Mercure 1726: 24th February, Charlotte Bonnemay, widow of Louis Barbier, died in Paris aged 96 years old. She alone remained of all the Rentiers who comprised the 13th Class of the first Tontine, and the 14th of the second; at the time of her death she enjoyed an annity of 73,500 livres of income from an subscription of 300 livres in the two classes.
Mercure historique et politique 1762: Mr. Christophle de Beaud, native of Pontarlier, former Chaplain to the nuns of Chaillot and Confessor to the late Queen of England, wife of James II, has just died in his parish of Doux, aged 97 years. He was the last shareholder of his Division in a Tontine; thus in the last two years of his life, he enjoyed 10,400 livres in rentes
Madame Barbier's obituary, with details of her marvellous annuity, was repeated in journals, dictionaries and books of anecdotes, both French and English, throughout the 18th and early 19th centuries. The source of her wealth was a "tontine", a form of life annunity with benefit of survivorship, which was occasionally issued alongside ordinary annuities by the French government.
|19c book illustration - Tonti is the plump bewigged gent on the left|
|Royal Edict creating the tontine of 1744|
French tontines were divided into 14 age classes with different rates of return, and the intial investment was normally set at 300 livres. Payments could be made contingent on the subscriber's own life, or that of a third-party nominee, typically a child. The crucial difference from an ordinary life annuities was that payments did not cease on the death of an individual but were divided between the rest of shareholders, and continued until the death of the last survivor in each class. Hence the huge gain of a few lucky (but aged) individuals.
|Tontine agreement from 1736, with nine ms. signatures|
Savary, Dictionnaire universel de commerce (1762 edition)
|Tontines: list of trustees and payment agents, Almanach royal, 1764|
David Weir compared the outcome of tontines in France with the situation in England, where they were also used in the 18th century, but with notably less success. The terms offered by the French government were much more favourable, and were particularly advantageous in the older age classes, whereas almost all English tontines were taken out on children (p.113) Contemporaries often regarded tontines as a form of lottery but, as David Weir comments, it takes a very long time to "win" the gamble of a tontine. In practice, like individual life annuities, they appealed mainly to pension seekers. The initial investment tarif was set slightly above price of life annuities to reflect the advantageous terms, but both life annuities and tontines paid well over 7% interest.(Weir, p.112-3)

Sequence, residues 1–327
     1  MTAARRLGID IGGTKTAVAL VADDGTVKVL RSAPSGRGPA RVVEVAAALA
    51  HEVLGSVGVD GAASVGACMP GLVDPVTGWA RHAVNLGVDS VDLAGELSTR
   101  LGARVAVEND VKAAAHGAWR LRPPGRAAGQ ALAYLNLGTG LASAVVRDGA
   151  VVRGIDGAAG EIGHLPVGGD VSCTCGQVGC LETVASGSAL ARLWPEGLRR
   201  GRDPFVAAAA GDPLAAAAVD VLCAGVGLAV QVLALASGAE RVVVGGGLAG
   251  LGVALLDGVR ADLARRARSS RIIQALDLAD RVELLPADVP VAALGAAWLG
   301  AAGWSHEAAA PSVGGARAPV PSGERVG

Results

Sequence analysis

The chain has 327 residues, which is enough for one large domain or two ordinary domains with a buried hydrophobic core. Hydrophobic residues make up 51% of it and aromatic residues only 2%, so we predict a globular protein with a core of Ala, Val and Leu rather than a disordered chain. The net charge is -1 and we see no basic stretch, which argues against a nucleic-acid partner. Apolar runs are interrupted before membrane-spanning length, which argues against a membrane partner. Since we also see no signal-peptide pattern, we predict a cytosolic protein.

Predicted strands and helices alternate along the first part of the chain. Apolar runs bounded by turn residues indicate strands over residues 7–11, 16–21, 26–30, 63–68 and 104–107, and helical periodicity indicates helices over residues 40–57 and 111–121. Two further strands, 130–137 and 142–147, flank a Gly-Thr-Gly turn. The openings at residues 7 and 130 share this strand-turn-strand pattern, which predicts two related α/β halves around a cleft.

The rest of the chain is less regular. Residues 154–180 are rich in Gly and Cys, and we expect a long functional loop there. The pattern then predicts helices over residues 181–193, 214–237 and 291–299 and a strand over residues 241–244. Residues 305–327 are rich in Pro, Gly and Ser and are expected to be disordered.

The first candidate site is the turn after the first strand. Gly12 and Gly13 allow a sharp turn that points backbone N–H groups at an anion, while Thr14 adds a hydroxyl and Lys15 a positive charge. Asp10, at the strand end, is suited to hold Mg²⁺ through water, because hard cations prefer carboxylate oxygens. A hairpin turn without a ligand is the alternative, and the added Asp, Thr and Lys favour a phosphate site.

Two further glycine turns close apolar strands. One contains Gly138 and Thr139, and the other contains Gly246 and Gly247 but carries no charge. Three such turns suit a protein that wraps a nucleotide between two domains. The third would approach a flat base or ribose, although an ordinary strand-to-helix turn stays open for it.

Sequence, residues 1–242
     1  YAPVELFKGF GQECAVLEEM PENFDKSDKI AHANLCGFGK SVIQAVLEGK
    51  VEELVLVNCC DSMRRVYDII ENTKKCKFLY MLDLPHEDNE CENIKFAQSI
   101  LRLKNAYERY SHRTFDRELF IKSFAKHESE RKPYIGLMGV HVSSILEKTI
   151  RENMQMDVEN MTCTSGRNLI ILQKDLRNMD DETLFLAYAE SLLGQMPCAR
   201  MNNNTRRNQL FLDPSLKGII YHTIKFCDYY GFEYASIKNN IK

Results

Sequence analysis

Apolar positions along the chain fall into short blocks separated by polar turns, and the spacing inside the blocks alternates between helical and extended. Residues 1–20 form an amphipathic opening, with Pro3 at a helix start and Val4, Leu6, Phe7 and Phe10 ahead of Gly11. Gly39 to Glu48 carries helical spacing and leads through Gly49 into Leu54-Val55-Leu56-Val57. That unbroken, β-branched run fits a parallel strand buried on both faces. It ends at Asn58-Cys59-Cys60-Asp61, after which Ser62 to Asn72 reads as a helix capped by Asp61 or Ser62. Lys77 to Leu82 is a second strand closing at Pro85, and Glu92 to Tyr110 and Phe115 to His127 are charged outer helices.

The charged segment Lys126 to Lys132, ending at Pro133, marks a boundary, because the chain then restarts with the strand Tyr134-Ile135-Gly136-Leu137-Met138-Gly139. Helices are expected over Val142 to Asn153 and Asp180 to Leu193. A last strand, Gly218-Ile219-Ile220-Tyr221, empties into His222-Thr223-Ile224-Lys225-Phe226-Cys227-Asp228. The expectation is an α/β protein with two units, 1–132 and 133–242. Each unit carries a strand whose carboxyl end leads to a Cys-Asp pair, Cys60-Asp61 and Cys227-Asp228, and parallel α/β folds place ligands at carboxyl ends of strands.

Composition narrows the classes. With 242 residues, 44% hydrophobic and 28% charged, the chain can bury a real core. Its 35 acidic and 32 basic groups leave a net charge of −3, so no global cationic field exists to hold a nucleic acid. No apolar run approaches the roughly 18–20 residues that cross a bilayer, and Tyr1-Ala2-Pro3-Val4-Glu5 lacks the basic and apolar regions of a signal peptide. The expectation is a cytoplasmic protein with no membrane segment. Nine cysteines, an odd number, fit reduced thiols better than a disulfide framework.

Dr Weir emphasised that the annuities played a political role in cementing the allegiance of the urban bourgeoisie who did not benefit from tax exemptions and privilege. The inviolability of tontine income in particular was emphasised in strongest terms. Nonetheless, in November 1763 a royal edict banned any future government tontines, citing their enormous expense. In 1770 the abbé Terray froze tontine payments and converted them to life annuities, thereby transferring the future benefits of survivorship to the State. The subscribers still enjoyed advantageous terms, since flat-rate 10 percent annities were applied to all tontine classes, but there was a widespread sense of betrayal and fear of default was heightened among other annuity holders. At a crucial juncture royal government alienated an important sector of support, without realising substantial financial gain.
David R. Weir, "Tontines, public finance, and revolution in France and England, 1688-1789
The Journal of Economic History, 1989, 49(1): p. 95-124 [article on JStor]